Pennywise makes final appearance

The movie poster for “IT Chapter Two” features the clown Pennywise with his signature red balloons.

This article may contain spoilers for this movie.

Clowns: some people love them, most people fear them. One of the creepiest clowns in cinema, Pennywise, played by actor Bill Skarsgård, has made his final debut in his last installment, “IT Chapter Two.”

“IT Chapter Two” is a follow-up to 2017’s “IT.” Now, as grown adults, the kids of Derry, Maine, must defeat the supernatural presence plaguing their hometown once and for all.

The film begins with two men, a couple, enjoying the local fair, when a group of homophobic townspeople verbally harass them. The townspeople follow the couple as they leave the fair and brutally assault them, throwing one of the men off the bridge that they stand on and into the river below.

The man in the water, confused, sees a helping hand on the side of the river and reaches for it. That hand proves to be more harm than help, however, as the hand belongs to Pennywise. As the second man makes his way to the opposite side of the river, he catches a glimpse of his lover, presumably safe on the other side with the clown. Pennywise then rips the heart out of the man’s chest with his mouth, and a flood of red balloons buries them out of sight.

Mike, the only kid to have stayed in Derry, realizes what has happened and calls the rest of the Loser Squad to come home.

While “IT Chapter Two” ties up the loose ends of the previous film, it lacks the suspense and mystery that the first movie captured. Since the main goal of the characters is to defeat “It,” the three hours are filled with flashbacks, jump scares and a mediocre ending.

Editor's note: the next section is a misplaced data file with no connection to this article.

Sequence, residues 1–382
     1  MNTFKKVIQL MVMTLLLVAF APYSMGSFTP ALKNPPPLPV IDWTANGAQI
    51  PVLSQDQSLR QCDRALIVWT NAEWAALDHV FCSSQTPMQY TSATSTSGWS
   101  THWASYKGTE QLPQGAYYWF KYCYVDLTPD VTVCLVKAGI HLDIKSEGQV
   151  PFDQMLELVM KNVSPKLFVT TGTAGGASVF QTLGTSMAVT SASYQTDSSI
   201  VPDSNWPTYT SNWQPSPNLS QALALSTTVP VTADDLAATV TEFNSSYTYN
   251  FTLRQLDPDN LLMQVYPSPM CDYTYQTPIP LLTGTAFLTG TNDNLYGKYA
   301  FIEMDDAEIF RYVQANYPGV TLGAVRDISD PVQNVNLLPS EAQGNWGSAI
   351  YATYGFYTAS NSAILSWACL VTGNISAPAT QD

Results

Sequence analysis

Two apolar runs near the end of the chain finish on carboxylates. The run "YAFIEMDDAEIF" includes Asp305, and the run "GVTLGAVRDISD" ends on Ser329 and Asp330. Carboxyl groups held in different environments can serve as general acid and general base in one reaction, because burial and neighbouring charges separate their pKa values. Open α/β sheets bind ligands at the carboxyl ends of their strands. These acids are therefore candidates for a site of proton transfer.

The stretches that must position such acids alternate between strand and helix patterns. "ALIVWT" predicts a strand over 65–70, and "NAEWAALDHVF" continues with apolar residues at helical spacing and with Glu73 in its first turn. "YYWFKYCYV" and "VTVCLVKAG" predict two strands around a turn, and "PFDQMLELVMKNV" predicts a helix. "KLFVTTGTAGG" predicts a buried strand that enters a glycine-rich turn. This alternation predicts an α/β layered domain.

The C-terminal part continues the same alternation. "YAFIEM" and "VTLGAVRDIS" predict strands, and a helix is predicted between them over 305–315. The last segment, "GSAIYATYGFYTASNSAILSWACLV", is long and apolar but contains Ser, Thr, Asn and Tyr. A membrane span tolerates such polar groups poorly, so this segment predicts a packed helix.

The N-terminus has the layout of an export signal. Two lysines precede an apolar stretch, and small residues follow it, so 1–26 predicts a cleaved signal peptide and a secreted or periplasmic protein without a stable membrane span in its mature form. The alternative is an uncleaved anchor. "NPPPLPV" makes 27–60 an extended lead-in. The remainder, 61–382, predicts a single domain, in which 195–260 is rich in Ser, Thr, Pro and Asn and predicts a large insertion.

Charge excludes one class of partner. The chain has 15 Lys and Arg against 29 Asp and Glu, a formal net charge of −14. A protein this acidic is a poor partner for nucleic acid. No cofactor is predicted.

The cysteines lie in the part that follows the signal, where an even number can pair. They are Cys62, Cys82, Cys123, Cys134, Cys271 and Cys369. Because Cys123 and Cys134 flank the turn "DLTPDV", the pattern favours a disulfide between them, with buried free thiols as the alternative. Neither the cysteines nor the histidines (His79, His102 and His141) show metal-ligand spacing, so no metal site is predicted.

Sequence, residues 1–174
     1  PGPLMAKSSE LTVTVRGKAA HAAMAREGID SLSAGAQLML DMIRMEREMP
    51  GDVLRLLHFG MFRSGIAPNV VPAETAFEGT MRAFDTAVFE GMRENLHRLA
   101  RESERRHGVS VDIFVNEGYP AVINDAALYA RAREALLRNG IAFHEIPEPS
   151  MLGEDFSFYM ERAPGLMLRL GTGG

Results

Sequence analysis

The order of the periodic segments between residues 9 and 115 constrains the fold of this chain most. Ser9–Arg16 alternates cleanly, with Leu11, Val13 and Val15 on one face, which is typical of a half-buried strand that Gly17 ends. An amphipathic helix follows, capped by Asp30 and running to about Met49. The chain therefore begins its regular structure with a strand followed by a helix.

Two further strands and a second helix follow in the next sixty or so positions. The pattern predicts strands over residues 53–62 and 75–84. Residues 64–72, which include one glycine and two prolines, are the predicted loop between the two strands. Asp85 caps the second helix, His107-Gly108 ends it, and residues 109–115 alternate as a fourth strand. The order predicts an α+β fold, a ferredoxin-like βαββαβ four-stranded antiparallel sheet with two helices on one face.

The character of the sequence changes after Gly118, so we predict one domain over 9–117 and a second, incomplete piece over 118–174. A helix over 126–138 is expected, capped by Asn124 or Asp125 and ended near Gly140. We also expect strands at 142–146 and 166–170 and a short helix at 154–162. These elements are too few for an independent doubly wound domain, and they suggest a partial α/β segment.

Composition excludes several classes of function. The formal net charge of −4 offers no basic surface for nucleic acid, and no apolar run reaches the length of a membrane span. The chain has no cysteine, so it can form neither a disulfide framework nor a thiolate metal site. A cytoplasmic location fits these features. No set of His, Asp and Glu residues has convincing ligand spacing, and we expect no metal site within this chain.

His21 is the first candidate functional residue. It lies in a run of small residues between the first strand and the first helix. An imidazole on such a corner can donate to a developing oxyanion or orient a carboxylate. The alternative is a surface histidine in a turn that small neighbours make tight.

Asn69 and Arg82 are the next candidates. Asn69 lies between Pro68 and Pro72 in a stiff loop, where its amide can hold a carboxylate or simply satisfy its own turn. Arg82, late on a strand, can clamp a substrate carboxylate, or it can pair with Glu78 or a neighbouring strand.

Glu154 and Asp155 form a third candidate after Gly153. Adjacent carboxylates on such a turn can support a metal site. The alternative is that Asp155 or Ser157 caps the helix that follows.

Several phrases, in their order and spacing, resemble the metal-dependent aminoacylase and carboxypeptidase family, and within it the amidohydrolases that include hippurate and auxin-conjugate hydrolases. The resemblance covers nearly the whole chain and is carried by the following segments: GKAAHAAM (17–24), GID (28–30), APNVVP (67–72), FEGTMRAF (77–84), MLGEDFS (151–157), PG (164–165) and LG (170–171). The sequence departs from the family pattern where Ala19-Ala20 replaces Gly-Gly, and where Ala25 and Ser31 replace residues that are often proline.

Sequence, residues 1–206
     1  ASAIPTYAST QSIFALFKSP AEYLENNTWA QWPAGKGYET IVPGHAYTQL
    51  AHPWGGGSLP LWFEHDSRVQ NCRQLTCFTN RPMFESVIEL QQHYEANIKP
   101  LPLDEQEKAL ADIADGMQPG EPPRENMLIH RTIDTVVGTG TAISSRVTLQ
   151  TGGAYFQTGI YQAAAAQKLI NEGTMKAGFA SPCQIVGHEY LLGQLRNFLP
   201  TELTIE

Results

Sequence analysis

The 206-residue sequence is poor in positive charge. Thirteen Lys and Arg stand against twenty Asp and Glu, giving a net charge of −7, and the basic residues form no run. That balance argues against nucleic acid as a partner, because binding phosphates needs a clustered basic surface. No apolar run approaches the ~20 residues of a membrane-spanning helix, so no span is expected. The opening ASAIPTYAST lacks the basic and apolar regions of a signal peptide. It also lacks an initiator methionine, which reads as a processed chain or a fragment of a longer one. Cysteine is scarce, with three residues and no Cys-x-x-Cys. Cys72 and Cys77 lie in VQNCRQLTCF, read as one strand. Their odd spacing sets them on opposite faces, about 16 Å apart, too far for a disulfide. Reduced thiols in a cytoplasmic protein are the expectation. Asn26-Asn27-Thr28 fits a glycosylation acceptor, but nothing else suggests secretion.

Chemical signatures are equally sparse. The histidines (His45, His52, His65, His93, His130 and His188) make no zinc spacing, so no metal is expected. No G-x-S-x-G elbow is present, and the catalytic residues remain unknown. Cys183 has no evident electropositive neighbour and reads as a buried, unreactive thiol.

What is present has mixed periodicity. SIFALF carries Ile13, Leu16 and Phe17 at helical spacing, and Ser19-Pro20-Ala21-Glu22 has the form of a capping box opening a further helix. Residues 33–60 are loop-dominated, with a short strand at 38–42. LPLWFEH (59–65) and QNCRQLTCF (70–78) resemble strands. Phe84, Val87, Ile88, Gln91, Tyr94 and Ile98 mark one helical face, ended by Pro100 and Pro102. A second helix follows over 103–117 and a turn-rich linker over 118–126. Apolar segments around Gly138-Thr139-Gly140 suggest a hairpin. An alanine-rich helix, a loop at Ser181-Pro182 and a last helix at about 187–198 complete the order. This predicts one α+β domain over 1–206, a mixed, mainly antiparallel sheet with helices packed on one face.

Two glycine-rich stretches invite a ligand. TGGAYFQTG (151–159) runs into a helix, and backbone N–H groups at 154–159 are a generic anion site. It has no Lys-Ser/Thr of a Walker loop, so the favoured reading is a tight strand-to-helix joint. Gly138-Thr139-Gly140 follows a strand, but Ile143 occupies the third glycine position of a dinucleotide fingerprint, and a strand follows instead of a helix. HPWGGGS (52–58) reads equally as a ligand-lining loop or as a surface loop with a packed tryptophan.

Each of the remaining six members of the Loser Squad has their own side quest to find an “artifact” from their past so that they can remember their time in Derry and destroy It. These sequences become repetitive very quickly. The basic format goes: the character arrives at the location, flashback to childhood, the character finds the artifact, jump scare, and character goes back to the meeting spot.

Another returning character, Henry Bowers, their childhood bully, is practically irrelevant to the plot of the story.

He only shows up twice as a jump scare attacker and is easily killed off by Richie in his second appearance.

As the film reaches its conclusion, the Loser Squad faces another one of Pennywise’s tricks, as he separates the group and makes them face their past demons.

The scenes do not lack in quality, but the quantity is the true killer. Being an almost three-hour movie, the idea feels overplayed and unexciting by the last sequence.

The ending, although not the worst, feels a bit ridiculous compared to the rest of the film.

Now at the final battle with It, Mike realizes that It has to follow the rules of physics, meaning he must be small to fit in small places.

The original plan is to lead him into the tunnels from where they came, but then he realizes they can make It “feel” small. They then bombard It with insults and demeaning words, making him shrink until he is small enough to rip his heart out. With little to no illusion to the fact that It can be hurt by words, it feels a bit like a “noble” or cop-out ending.

While the plot feels diluted, the performances of some of the actors saved this movie from being poor-quality. Bill Hader, who plays Richie, did a phenomenal job of becoming a realistic, humorous character within a horror setting. It is easy to become a comic relief character who simply cracks a joke here or there to ease the audience of tension, but Richie felt more like the “funny guy” of the group. His fear and anxiousness felt just as compelling as the crass, joking lines he is known for.

As expected, Skarsgård did a marvelous job portraying the dancing clown. The mannerisms perfectly walk the line of creepy yet compelling, only becoming horrific when it is too late for the victim. The new Pennywise has quickly become a modern classic within the horror genre, thanks to Skarsgård.

Overall, the movie was a decent ending to the two-part series, yet lacked the plot and energy to make it as a standalone film. Predictable jumpscares, repeated plot structure, and unnecessary details bogged down the already-lengthy production. If not for Hader and Skarsgård’s stellar performances, the second “IT” film would not have floated, too.